Plastic pollution continues to plague the globe, painting a grim picture for the future of the world’s oceans and innocent sea creatures that become entangled in the often deadly debris.
Coinciding with this week’s UN Environmental summit in Nairobi, where the ongoing issue was described as “Armageddon in the making,” RT takes a look at some of the most moving videos that vividly demonstrate the devastating impact plastic pollution is having on marine life.
Sea turtle with a straw stuck up its nostril
In 2015 a Costa Rica marine research team discovered a male sea turtle with a plastic straw lodged in its nostril.
The group removed the straw and posted heartbreaking footage of the incident online, stating that it wanted to highlight how plastic trash was proving detrimental to marine life.
Baby seal trapped in plastic fish netting
Video of a baby seal trapped in plastic fish netting went viral when it was posted on Facebook earlier this year.
The creature’s full body was covered in the netting with only his head in view when it was rescued by two fishermen off the coast of Owls Head, Maine.
The men cut the baby seal free and released it into the sea.
Dolphin caught in plastic bag
A baby dolphin was rescued by fisherman after it became caught in a plastic bag on the coast of Sao Paulo, Brazil. Video shows the dolphin swimming with the plastic bag in tow until the fishermen intervened.
Sea lions cut free from plastic garbage
Vancouver Aquarium showed the process involved in helping sea lions who suffered significant trauma after plastic packaging became wrapped around their necks.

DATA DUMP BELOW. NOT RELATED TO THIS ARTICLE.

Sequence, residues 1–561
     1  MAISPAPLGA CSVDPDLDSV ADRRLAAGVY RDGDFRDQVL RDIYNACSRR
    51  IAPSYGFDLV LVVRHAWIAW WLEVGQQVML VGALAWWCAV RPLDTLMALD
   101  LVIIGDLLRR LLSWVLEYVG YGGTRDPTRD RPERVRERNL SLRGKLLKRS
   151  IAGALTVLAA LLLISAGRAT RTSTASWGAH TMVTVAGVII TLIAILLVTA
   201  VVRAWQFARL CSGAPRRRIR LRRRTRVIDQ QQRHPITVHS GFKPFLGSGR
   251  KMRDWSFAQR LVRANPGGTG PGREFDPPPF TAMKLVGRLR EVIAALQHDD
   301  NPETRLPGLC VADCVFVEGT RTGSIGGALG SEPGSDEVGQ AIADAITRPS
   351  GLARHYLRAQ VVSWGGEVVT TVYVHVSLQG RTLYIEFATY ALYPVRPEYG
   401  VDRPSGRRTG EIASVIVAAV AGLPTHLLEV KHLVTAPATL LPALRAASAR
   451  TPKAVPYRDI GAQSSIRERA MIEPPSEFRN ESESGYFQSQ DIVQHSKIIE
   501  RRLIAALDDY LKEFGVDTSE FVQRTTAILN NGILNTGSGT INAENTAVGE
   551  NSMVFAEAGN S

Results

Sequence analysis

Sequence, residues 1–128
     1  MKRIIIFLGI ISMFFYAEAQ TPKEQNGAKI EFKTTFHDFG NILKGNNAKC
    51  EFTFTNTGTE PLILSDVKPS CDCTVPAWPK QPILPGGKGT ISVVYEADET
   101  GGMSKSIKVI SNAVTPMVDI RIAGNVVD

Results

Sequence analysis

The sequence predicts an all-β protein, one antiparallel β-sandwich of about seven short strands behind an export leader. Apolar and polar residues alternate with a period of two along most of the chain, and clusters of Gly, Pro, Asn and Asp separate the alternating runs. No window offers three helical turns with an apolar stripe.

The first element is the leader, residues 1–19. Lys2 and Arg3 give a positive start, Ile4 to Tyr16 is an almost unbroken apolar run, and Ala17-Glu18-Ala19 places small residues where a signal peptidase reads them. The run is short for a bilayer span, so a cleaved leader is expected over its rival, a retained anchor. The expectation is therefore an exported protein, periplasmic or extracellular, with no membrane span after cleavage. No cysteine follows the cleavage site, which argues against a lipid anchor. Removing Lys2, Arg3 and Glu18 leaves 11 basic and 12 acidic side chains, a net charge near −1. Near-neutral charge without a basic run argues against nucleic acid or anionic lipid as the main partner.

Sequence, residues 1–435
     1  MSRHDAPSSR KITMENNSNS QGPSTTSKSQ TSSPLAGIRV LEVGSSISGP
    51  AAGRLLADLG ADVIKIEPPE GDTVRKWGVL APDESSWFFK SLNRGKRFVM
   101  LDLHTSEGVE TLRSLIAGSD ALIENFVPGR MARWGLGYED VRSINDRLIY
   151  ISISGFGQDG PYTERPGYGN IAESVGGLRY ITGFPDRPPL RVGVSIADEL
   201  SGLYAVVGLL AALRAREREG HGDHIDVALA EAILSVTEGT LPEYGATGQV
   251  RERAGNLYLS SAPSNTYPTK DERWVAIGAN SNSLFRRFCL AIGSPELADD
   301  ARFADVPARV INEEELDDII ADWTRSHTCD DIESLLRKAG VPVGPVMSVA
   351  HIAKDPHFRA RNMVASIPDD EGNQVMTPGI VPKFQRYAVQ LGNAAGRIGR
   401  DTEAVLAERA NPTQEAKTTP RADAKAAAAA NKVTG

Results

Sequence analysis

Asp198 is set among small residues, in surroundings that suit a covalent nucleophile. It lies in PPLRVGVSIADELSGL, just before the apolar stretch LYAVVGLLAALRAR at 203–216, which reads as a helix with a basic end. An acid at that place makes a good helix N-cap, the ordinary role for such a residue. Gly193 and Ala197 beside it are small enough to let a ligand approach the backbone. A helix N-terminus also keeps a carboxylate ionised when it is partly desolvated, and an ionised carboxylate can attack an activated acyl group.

The vet had to shoot the creatures with tranquiliser darts before disentangling them from the straps.
World’s most remote island is a plastic dump
Disturbing footage was posted earlier this year of Henderson Island – the world’s most remote island, covered in plastic trash.
Marine researchers found that 37 million pieces of plastic had washed up on the uninhabited atoll, and warned of the negative impact plastic pollution is having on marine biodiversity.
Eight million tonnes of plastic – bottles, packaging and other waste – are dumped into the ocean every year, killing marine life and entering the human food chain, the United Nations Environment Programme (UNEP) said at this week’s summit from its base in Kenya.
The assembly recounted heartbreaking stories of the effect this pollution has on sea creatures, including a rare species of a beached whale which had to be killed after it consumed 30 plastic bags.
“Given the grim statistics on how we are poisoning ourselves and our planet, bold decisions from the UN Environment Assembly are critical,” said head of the UNEP, Erik Solheim.
More than 200 countries signed a UN resolution to eliminate plastic pollution in the sea on Wednesday.